Where I'd invest $5,000 in April 2024

I'd opt for a safer bet with $5,000 this April.

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Choosing the ASX shares to invest a significant sum of cash in is always a difficult task. There are so many quality options on the ASX alone to choose from. And when you throw in international share markets, the menu can quickly become overwhelming for many investors. But this April, the question of where to invest $5,000 on the ASX has a simple answer for me.

I must admit, I'm a little worried about the state of the stock markets. Both the US markets and the ASX have been knocking over new all-time record highs like dominoes in recent months.

That's been great for investors. But investing in the share market when it is at or near an all-time high is inherently more risky. That's not a dealbreaker in itself, but I am looking at what could potentially be some storm clouds on the horizon right now.

Do the latest US inflation numbers bode ill for the share market?

Much of the recent rises in both the US and ASX markets have almost certainly been a result of the expectation that we will see a global reduction in interest rates in 2024.

As of today, this is looking far less likely, thanks to some hotter-than-expected inflation numbers out of the United States. As we've just looked at, core American inflation is still running at a spicy 3.8% on an annualised basis. That is well above the 2% that the US Federal Reserve wants to see.

What does this mean for ASX shares? Well, as my Fool colleague Bernd put it, "it could see the official US cash rate stay at the current 5.25% to 5.5% for considerably longer than ASX 200 investors have been hoping".

If the US, and Australia by extension, have to deal with higher interest rates for longer, we could well see increased economic turmoil, not to mention lower stock markets, over 2024.

So how does one invest in this environment?

How to invest $5,000 on the ASX this April

Well, I wouldn't stop investing, or 'go to cash', that's for sure. It is folly to stop investing or to cash out your shares on a whim. However, I'd still be playing it a little safe in April.

Rather than investing in my favourite ASX shares, most of which are still at historically elevated prices, I'd steer more capital into an investment that has proved to be highly durable in the past, while still offering decent returns.

That investment would be consumer staples shares. I love investing in consumer staples shares, thanks to the inherent defensiveness and resilience this sector provides. Consumer staples shares are companies that produce goods that we cannot live without. That's things like food, drinks and household essentials.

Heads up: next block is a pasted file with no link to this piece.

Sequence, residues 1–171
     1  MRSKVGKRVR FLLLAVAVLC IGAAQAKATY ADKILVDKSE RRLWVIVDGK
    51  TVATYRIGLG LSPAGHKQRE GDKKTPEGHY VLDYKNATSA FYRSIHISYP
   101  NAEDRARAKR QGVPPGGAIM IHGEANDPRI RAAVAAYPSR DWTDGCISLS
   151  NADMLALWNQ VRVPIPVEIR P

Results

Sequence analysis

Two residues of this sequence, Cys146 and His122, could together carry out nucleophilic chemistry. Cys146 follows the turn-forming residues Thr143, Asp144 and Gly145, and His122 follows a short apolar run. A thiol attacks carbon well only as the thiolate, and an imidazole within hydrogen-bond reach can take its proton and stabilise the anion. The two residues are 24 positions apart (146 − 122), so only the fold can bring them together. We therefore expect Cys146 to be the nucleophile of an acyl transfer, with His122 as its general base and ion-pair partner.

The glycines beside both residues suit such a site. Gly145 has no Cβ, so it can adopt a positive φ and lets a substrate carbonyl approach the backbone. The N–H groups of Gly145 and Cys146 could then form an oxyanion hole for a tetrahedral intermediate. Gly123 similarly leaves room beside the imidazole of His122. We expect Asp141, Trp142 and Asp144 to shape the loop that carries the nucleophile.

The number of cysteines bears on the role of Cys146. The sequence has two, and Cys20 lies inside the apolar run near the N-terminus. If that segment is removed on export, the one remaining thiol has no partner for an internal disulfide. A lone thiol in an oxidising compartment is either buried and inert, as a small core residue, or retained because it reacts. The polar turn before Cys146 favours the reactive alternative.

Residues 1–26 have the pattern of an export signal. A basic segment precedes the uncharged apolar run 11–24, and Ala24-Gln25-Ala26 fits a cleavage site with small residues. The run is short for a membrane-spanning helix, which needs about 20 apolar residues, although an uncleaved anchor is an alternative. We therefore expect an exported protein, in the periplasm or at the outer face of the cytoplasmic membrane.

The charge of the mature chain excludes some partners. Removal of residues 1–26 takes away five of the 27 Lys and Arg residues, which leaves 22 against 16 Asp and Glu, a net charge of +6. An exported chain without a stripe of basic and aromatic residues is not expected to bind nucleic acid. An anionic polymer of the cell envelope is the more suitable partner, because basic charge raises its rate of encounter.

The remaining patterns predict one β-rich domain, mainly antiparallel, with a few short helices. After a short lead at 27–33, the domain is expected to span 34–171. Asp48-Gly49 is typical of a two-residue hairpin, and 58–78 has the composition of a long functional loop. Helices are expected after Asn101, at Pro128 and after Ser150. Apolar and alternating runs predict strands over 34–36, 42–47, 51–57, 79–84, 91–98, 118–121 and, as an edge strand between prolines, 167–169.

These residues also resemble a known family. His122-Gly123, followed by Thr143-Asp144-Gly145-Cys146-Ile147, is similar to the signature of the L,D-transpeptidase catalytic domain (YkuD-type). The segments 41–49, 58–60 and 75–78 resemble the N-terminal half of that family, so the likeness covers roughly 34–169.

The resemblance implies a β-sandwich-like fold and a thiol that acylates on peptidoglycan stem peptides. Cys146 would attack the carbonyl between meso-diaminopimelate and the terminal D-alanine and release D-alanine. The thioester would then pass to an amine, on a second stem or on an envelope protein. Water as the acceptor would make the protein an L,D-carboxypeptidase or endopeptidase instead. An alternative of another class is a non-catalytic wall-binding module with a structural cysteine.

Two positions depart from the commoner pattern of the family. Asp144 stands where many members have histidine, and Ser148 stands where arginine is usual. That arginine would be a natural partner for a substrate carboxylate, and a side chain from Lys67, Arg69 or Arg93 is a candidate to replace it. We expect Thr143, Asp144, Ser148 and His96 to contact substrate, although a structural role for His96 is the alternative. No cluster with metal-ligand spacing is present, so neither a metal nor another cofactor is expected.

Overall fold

A great way to gain exposure to this sector is through an exchange-traded fund (ETF). The iShares Global Consumer Staples ETF (ASX: IXI) is a fund that allows investors to access a broad portfolio of different consumer staples stocks, all under one ticker code.

Some of its top holdings are household names, including Coca-Cola, PepsiCo, Nestle and Colgate-Palmolive.

Given these companies tend to move their products regardless of the economic weather, I think they make for sturdy investments with relatively lower volatility during uncertain times. I would also argue that it's a great time to buy this ETF as well from a pricing perspective.

IXI units have returned an average of 9.57% per annum (including dividend returns) over the ten years to 31 March. But over the past 12 months, investors have banked just 3.67%.

When compared to other ASX shares that are trading at or near record highs this April, I'd much rather stick to a conservative investment like the iShares Global Consumer Staples ETF.

Motley Fool contributor Sebastian Bowen has positions in Coca-Cola, PepsiCo, and iShares International Equity ETFs - iShares Global Consumer Staples ETF. The Motley Fool Australia's parent company Motley Fool Holdings Inc. has recommended Nestlé. The Motley Fool Australia has positions in and has recommended iShares International Equity ETFs - iShares Global Consumer Staples ETF. The Motley Fool has a disclosure policy. This article contains general investment advice only (under AFSL 400691). Authorised by Scott Phillips.

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